Question: How did the strike affect any of the larger story arcs for the season?
Greg: Well, you know, we had some stuff that we were planning for the end of the year and we didn’t end up having enough time to do what we had planned. But we came up with some other alternatives — things which we really like a lot and it’s probably good that way for the creative process.
So I mean, you know, there — we didn’t have a lot of stuff that we scrapped because we only had the one episode, you know, ready to be shot and that’s the one we came back with where they’re, you know, invited out to the dinner party. And …
Rainn: I heard there were plans for a Christmas episode …
Greg: You know what, we did? We had a whole Christmas episode …
Rainn: … Christmas episode and different.
Greg: No, that’s true. It wasn’t 100% finished, the script. But we’re going — you know, we’ll cannibalize it and use pieces of it, and stuff.
Question: You talked a little bit about the three camera sitcom formulas and Rainn talked a little bit about how Dwight is not just kind of the standard foil that you — you know, the wacky neighbor that you see on a lot of sitcoms.
Greg, could you just talk about — it seems to me the natural tendency where you have some sort of breakout characters, a lot of shows tend to like gravitate towards where that sort of attention is going very much.
You know, it — the public reaction sort of shapes how the stories get played out. But it seems like these guys …
Greg: Well the problem is that we started off, you know, with Phyllis just being one of the salespeople and we’ve kind of peaked too early by marrying her off to Bob Vance. And so it’s hard to capitalize on the breakout. But who are you talking about? Which character?
Question: No, I was just kind of talking generally as you seem to be very — actually very generous with all of those characters. I was going to say that you hadn’t really fallen into that trap. I mean, that’s something else that happens in the typical sitcom.
Greg: Oh yeah. No, I understand what you’re saying. Yeah, no. Well that’s part of trying to, you know, kind of keep people off balance. You know what I mean? It’s like you, you know, obviously it’s — Dwight is super funny and people love Dwight.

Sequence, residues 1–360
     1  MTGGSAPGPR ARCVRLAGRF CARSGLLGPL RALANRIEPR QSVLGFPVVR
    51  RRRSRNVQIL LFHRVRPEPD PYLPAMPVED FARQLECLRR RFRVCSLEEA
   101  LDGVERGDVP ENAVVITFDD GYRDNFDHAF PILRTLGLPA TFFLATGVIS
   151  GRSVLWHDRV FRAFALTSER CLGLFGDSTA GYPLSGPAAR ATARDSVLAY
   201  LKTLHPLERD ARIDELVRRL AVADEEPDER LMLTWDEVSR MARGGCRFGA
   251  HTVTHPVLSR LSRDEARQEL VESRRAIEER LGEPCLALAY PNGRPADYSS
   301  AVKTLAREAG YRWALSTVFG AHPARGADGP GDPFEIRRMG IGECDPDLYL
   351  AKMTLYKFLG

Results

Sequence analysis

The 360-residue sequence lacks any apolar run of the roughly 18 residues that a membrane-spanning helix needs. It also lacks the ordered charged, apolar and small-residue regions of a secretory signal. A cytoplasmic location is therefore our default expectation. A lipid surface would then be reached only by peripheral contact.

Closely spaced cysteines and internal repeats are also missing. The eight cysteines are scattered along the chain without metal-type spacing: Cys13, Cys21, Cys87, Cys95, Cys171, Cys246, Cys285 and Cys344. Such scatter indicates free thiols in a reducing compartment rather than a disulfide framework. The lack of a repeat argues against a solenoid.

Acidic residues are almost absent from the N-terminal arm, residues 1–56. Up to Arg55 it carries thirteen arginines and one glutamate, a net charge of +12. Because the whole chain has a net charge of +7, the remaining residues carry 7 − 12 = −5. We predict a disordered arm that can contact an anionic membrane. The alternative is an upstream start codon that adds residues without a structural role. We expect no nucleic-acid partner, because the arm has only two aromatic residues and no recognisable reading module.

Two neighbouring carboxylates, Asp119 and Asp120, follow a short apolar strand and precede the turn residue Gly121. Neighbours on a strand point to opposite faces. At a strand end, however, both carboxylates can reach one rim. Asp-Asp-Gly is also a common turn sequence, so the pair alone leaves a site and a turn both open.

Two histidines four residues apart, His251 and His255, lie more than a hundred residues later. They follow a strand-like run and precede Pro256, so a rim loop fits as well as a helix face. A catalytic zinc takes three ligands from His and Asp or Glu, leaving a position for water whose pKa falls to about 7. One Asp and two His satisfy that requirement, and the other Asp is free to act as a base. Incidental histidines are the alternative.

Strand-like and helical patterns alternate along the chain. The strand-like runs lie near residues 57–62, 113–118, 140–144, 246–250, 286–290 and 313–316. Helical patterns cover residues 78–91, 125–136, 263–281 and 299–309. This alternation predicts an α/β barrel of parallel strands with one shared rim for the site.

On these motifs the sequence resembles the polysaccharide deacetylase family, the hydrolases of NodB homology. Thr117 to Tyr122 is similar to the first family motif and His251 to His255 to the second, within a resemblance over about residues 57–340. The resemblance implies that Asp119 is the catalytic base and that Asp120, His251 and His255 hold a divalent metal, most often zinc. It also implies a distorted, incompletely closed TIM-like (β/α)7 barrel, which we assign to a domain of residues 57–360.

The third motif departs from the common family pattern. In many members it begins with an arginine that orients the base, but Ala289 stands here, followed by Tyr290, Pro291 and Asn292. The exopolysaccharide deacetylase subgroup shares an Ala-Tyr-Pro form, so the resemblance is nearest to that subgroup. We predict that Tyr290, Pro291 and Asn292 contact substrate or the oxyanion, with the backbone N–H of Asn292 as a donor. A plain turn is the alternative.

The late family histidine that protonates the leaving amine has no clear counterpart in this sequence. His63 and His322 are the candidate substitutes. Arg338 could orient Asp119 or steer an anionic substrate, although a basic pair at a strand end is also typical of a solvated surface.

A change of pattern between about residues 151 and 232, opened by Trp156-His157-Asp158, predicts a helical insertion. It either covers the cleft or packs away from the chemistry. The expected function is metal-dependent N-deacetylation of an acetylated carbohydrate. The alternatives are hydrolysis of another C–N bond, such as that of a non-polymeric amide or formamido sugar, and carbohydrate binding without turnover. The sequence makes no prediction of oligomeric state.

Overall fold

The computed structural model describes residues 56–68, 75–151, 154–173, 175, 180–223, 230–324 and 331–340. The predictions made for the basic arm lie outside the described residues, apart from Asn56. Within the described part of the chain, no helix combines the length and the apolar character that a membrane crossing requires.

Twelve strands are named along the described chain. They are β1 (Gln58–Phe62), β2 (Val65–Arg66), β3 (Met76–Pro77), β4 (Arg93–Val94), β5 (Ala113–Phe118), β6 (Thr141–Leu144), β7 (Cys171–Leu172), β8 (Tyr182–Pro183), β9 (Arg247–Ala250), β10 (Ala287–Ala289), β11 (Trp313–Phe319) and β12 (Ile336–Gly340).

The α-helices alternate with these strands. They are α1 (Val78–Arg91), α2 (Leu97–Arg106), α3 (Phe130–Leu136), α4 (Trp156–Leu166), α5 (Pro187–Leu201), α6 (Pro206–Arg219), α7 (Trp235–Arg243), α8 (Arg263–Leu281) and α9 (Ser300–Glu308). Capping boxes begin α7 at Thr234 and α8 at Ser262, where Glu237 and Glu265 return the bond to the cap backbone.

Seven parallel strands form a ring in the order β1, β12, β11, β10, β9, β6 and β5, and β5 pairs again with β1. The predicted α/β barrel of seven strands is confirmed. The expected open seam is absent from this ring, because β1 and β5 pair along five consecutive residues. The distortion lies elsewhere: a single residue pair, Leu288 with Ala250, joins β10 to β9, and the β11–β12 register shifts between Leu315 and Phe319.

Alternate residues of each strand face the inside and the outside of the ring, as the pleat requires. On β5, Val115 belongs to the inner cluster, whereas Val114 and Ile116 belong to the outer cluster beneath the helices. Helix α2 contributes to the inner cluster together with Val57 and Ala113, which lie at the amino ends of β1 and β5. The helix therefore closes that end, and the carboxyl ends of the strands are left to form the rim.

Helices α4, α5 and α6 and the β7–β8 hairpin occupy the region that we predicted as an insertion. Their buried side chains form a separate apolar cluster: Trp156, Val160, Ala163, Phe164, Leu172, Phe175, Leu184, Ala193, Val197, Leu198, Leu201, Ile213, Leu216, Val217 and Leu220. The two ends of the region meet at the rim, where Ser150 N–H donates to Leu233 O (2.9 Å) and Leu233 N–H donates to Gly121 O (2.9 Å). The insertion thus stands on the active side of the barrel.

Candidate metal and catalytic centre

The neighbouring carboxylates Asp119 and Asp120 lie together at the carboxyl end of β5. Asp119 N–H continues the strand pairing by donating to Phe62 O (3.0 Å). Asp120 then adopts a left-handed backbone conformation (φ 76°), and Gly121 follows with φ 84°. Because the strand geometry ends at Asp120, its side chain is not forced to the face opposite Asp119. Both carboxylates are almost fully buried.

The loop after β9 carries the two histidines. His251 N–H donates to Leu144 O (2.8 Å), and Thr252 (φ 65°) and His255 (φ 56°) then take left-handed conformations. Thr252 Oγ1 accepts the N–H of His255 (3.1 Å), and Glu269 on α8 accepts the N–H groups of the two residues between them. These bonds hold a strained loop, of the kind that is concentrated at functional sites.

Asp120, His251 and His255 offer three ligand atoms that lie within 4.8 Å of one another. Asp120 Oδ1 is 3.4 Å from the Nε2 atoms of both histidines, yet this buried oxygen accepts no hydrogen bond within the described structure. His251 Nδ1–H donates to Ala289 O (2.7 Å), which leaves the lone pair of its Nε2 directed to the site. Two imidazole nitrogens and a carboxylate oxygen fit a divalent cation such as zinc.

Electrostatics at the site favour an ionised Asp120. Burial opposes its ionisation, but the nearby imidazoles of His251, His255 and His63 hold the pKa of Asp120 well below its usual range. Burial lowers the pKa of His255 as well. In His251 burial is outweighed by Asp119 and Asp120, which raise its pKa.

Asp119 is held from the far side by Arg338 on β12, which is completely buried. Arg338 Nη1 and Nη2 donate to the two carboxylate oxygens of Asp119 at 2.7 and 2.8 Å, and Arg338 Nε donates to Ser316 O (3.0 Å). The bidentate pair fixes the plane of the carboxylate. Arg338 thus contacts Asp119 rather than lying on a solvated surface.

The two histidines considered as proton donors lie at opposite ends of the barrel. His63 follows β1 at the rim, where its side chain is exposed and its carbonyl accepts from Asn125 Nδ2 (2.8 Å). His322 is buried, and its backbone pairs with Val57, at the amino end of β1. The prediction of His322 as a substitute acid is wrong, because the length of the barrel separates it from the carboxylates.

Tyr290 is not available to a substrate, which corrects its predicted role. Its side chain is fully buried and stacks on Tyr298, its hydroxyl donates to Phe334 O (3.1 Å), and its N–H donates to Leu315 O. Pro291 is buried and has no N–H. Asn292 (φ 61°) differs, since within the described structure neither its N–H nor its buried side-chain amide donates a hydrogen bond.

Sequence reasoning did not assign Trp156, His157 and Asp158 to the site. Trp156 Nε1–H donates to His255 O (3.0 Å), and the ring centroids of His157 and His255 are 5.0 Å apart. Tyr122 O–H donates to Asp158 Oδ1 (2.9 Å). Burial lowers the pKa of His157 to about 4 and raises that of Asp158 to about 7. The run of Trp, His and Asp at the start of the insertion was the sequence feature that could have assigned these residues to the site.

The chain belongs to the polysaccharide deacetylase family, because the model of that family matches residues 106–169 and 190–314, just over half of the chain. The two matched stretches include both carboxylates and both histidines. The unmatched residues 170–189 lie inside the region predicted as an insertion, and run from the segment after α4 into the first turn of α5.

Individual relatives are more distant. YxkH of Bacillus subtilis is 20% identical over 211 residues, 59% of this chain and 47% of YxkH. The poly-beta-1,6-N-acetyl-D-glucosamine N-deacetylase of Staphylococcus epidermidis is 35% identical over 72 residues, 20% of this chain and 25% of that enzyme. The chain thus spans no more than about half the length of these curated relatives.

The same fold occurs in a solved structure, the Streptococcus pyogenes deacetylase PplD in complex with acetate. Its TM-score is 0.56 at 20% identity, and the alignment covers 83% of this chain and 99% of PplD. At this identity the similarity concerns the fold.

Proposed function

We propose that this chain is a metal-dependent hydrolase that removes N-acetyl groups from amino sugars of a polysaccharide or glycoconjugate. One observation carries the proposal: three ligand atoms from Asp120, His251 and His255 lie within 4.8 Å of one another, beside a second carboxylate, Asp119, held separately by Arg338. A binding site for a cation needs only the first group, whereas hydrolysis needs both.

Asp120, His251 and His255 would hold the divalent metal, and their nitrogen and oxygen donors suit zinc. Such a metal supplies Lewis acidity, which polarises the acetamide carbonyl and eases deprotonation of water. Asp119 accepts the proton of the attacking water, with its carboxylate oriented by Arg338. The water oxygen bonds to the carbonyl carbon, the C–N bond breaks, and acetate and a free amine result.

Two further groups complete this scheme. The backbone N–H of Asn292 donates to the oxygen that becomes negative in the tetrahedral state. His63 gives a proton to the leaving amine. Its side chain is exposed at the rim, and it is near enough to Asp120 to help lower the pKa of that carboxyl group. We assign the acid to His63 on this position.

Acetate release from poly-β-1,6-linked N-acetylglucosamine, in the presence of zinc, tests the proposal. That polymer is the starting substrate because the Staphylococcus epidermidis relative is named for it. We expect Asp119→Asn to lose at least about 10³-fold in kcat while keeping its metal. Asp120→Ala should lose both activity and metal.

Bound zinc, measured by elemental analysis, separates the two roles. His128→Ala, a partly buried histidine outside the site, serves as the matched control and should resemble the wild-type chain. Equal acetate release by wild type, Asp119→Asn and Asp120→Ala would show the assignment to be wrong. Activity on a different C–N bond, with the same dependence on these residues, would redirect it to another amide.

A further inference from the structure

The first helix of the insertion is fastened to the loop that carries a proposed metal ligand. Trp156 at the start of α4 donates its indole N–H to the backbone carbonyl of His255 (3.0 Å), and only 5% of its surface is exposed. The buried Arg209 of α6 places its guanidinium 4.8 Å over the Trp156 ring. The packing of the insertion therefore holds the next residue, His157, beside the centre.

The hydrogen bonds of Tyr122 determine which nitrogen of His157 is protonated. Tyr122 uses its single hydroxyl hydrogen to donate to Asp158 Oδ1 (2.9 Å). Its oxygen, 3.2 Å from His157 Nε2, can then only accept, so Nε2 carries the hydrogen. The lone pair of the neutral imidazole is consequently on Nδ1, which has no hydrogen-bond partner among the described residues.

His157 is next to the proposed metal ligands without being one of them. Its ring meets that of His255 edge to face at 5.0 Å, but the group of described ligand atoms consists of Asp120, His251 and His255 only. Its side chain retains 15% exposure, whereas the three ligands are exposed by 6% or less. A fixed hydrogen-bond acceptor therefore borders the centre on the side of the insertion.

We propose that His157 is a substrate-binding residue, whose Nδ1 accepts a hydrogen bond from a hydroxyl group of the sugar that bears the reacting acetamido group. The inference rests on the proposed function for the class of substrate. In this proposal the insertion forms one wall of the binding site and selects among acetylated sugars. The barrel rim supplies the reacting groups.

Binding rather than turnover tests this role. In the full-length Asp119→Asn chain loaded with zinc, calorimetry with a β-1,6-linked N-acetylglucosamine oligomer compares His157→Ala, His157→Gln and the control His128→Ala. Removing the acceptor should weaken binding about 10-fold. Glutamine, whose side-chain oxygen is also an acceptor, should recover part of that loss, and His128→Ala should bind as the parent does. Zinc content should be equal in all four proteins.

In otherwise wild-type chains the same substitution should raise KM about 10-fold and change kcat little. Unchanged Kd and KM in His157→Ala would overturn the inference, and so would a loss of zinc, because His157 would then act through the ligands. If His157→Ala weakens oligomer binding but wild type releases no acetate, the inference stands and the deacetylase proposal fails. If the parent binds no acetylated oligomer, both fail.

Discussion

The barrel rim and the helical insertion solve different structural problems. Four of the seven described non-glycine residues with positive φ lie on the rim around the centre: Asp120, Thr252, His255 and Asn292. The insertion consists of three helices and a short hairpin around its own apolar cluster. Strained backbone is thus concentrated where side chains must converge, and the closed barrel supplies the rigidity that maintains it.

And they buy Dwight dolls and stuff like that. But if it just became the Dwight Show, you know…
Rainn: There would be nothing wrong with that.
Greg: But yes, I think that’s a complete quote there.
Greg: As long as you know that the speaker shifted in the middle of the sentence.
Question:Are there any plans or at least any intention to have the characters see the documentary that’s been filming in their office for the last three years and what kind of reactions you think that would have?
Greg: I think — I mean, it’s great. We have talked about it. I don’t think we’re there yet, but I definitely love it as a big, kind of game-changing story move. But, you know, hopefully when we do press that nuclear button, you know, it’ll be prepared for and everybody will be — you know, people will think it’s worth it.
Rainn: I think it’s hard. Once they see the documentary — I’m just speculating here because I know nothing about those conversations. But I think once they see the documentary and you kind of deal with the fallout of that, I don’t know how much longer you can then continue storylines, you know, with all the characters kind of living in the — being in the public eye and stuff like that.
Greg: Well there’s certain things that we have, like in our back pockets and I feel like if we ever got to a place where we were discussing storylines and we just had nothing, you know, then we would say all right, time to scramble the world and see what comes out of that. You know, time to shake the Boggle set.
Question: So, Dwight, your former lady love — Angela — is now pregnant and very much showing. A question for both of you and more so, probably for Greg. How are we going to deal with that when the show returns?
Is that something that is going to be written into the show? And could that possibly be a little Schrute or maybe an Andy Bernard?
Greg: Well it’s possibly in real life a little Schrute or Andy Bernard. I’m not sure. But the actual — the character of Angela is different from the, you know, the human being Angela, even though they have the same name.
But I think it’s confusing on our show because there’s a lot of people with the same name. You know, Oscar is an actor and then there’s also Oscar the person. And of course, the real confusing part is that Creed is the person. There is only Creed. He’s not aware he’s in a show.
Rainn: There is no separation between Creed the person and Creed the actor.
Greg: No, not at all.
Rainn: And Creed the character — whatsoever. Angela is like — it’s like a little person swallowed a watermelon. And everything about her looks exactly the same except she has this enormous tummy.
And I think all of her scenes from here on out are going to be staged with her behind the copy machine.
Greg: I think it’s going to be a nice drinking game for people to see if they can see the belly.